Drillbit TaylorParamount Pictures (Blu-ray)
Ryan, Wade and Emmit attend their first day at high school and they're pumped... until they meet up with Filkins, a school bully who comes off like a little Hannibal Lecter. Before they become completely engulfed in Filkins' reign of terror, they seek out some protection by placing an ad in "Soldier Of Fortune" magazine. Their best response - and the cheapest - comes from Drillbit Taylor, a down-on-his luck soldier of fortune who lives a homeless - he likes to say "home-free" - existence on the beach. He enrolls them in some physical and mental training.
Drillbit is a bit of an ode to the 80’s school nerd comedies. The film is passable as a whole but definitely has some funny moments. Wilson plays a scheming Army deserter that manipulates three kids into paying him for protection, but the only thing he is really doing is taking their money and possessions. The film does find some heart eventually and I love the throwbacks to similar films from yesteryear including a great little ode to My Bodyguard that was hilarious. While replay value is pretty low on this one, I didn’t find it the complete waste of time so many have labeled it.
Paramount delivers another stellar transfer on this one with only a few little issues keeping it from a perfect score. The image is very bright with vivid colors and excellent dimension. The SoCal landscape provides some rich hues and plenty of eye candy and the Blu-ray transfer takes full advantage of the detail. Fine object detail is impeccable but there were some bizarre instances where obvious digital airbrushing was done to the actor’s faces. This happened a few times to the two main teens and I have no idea why since it wasn’t consistent and varied from scene to scene. It almost looked like they were testing out the affect and forgot to take it out. Aside from that this is a great looking transfer.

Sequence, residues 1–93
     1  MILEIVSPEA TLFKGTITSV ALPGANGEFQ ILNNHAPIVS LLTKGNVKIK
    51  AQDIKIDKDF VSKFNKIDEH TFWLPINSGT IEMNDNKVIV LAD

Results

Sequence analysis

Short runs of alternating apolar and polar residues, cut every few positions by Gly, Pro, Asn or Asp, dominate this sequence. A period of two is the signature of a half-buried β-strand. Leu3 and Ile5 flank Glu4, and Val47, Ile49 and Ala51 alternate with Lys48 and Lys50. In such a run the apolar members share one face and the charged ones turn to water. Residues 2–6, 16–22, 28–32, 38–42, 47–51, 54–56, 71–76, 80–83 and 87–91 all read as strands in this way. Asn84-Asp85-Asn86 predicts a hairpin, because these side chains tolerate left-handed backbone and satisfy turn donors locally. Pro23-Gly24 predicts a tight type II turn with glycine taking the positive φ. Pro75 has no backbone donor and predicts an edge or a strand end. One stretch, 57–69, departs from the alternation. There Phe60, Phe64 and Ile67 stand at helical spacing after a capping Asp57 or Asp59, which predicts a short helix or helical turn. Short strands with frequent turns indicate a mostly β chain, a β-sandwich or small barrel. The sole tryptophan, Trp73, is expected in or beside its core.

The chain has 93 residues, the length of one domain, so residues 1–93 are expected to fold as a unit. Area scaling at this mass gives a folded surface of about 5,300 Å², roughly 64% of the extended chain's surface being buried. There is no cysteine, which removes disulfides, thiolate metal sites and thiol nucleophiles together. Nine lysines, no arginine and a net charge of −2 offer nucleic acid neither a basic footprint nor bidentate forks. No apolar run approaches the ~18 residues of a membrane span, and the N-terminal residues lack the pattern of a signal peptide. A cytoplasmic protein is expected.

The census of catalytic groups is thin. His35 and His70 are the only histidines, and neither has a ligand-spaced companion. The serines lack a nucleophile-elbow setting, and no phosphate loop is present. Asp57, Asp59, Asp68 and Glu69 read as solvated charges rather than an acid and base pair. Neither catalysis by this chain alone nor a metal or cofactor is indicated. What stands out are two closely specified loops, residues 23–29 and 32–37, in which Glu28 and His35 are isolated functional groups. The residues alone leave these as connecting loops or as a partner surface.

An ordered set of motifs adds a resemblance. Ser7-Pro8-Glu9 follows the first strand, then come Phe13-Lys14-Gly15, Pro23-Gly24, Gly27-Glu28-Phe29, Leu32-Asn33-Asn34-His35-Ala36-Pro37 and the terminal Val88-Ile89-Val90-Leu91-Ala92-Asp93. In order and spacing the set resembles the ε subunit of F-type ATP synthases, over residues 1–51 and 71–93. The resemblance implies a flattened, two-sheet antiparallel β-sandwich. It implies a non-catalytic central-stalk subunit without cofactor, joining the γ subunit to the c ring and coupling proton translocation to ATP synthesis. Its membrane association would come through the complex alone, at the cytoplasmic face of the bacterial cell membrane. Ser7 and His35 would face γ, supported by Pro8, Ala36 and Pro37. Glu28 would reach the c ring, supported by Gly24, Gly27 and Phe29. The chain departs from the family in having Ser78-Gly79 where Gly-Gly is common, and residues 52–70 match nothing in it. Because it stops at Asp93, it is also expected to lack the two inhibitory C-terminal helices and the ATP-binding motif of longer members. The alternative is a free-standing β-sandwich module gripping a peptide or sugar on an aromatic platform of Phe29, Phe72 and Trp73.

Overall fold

The Dolby TrueHD 5.1 mix is pretty much what you’d expect from a comedy like this. Dynamics are average and get most of their highlights from the various tunes in the soundtrack. Dialogue sounds natural throughout and I didn’t notice any signs of strain. Imaging is great across the main speakers and the surrounds do their part in opening up the soundstage without calling too much attention to themselves.
This “survival edition” contains the extended version of the film but since I didn’t see the original it is hard to say what they added. There are a ton of deleted and extended scenes and some of them are pretty fun. You also get a feature commentary and some interviews with the writers.
While Drillbit doesn’t bring anything new to the table it does have some pretty funny moments. Paramount delivers a great A/V presentation and continues to shine with their new Blu-ray releases. While I don’t think I can recommend a purchase for this one, the laughs are worth a rental for fans of the genre.